Signs of the End of Days
Kerry vs. Bush. Enough said.
Why I live in South Dakota
Why do I live in South Dakota, you ask? The answer is simple: I prefer living in a third world country that is not too far from the land of the great PX. I don’t even need a passport to visit the US. As to Baja Canada (aka North Dakota) I can’t witness for its existence – I’ve never been there. I am told, though, that people who live near the border of that accursed land speak fearfully of “the shadow of the North”. The full truth of this I do not know but I do know this: Migrating pigs that fly north into Baja Canada never return.
A convenient machine
It seems that my lawn mower has my welfare at heart. It will mow grass for two or three hours and then decide that it has had enough and stop operating for a while. It knows that I shouldn’t put in too many hours mowing grass.
The trouble with flyfishing is that sometimes you inadvertently cast to the wrong place and a fish grabs the hook. It helps if you only use a sinker and omit the fly and the hook; however a really determined fish will swallow the sinker.
One of my faithful correspondents remarked on my remarking on the virtues of the word “opine”. He had, he said, noticed its use by other, equally profound and insightful essayists, and had taken to using it himself. It is a useful word; indeed it is the right word, which is why I use it. Consider the alternatives:
Never use “I feel”; it is a wussy, new agey sort of expression best left to giggling teenage girls who dot their “i”s with hearts and smiley faces. Feeling is what you do in the dark when the power fails.
“I believe” will do if one is concerned with belief rather than opinion. All too often belief is an act of desperation. Beliefs are a product of necessity, not of reason. For example consider:
“I believe that all will turn out well in Iraq.”This might be said by any well-meaning Republican whose beliefs are necessarily conditioned by his allegiances. He might more honestly say, “I hope that all will turn out well in Iraq.” However, as we all know, hope is the mother of belief.
Compare this with:
“I opine that all will turn out well in Iraq.”The speaker offers an opinion about affairs in Iraq. It is a rather non-commital phrasing. It carries no serious endorsement of the validity of the opinion. (Just as well, given that opinion.) A believer fears being wrong; an opiner does not.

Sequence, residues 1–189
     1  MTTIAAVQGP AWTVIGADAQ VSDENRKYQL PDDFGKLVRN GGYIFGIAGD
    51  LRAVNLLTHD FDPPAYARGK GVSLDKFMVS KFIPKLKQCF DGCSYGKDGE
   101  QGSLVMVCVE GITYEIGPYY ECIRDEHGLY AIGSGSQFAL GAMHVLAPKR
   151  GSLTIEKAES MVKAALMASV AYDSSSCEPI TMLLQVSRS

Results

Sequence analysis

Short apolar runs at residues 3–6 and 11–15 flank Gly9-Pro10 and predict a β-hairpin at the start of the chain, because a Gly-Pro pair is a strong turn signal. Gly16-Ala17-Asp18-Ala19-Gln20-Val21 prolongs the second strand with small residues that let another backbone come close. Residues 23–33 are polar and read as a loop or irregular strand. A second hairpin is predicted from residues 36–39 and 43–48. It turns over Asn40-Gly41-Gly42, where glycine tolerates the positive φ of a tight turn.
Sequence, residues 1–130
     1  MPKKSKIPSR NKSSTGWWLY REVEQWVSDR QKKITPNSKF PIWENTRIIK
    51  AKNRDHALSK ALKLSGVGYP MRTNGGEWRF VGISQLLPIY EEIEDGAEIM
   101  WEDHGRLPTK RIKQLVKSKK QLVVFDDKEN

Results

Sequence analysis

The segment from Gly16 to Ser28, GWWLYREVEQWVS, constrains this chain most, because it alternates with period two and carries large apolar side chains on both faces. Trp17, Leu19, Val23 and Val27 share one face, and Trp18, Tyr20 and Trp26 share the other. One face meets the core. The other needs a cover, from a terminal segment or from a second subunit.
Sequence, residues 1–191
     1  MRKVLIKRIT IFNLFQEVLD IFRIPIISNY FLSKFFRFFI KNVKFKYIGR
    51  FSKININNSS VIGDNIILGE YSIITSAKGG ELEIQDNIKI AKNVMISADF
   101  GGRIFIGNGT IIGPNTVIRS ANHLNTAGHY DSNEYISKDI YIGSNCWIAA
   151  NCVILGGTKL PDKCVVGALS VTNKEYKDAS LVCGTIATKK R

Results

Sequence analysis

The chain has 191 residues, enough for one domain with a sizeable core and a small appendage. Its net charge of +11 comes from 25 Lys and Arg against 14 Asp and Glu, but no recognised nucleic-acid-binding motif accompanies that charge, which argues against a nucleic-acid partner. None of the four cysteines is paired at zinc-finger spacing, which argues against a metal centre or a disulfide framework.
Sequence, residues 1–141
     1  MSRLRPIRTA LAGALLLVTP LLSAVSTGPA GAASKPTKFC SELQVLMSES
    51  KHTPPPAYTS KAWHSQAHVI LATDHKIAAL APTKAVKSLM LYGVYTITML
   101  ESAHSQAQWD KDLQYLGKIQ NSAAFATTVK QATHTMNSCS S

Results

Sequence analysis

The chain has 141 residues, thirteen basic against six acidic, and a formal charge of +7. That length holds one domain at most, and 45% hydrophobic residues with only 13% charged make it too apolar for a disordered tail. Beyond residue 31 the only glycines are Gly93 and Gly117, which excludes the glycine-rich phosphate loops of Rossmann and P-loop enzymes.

“I think” is presumptious.
The formula “in my opinion” is pedantic and passive. Those are its merits, such as they are. Beyond that, it is a tediously cumbersome expression.
There are other phrasings that I am fond of. (And not “of which I am fond”, a construction that only a style-blind pedant could countenance.) In the preceding paragraph there is “beyond that”, which makes a stronger claim than the more pedestrian “In addition”.
Then there is “Be that as it may”, which asserts that regardless of the relevance and/or accuracy of the preceding material, that which is about to come is to the point. Since much of what I say is neither relevant nor accurate, I find it to be a useful phrase indeed.
Another useful phrase is “That said”. It can be used to mark a new point in the argument.
In his essay, Politics and the English Language, Orwell said in effect that by using polysyllabic latinized English one could write on autopilot without thinking at all. I have in mind the same object, but I propose to use a more colorful and more idiosyncratic vocabulary.
History, Science, and the Humanities
In Kuhn’sThe Road Since Structure, a collection of his later essays. he makes the striking observation that Science is continually erasing its history. Older versions of texts are replaced by newer versions; the new texts delete old material and replace it with new results. The upshot is that science operates in a window that is a decade or so wide. This is quite different from the humanities, where the past is present indefinitely.
This page was last updated June 1, 2004.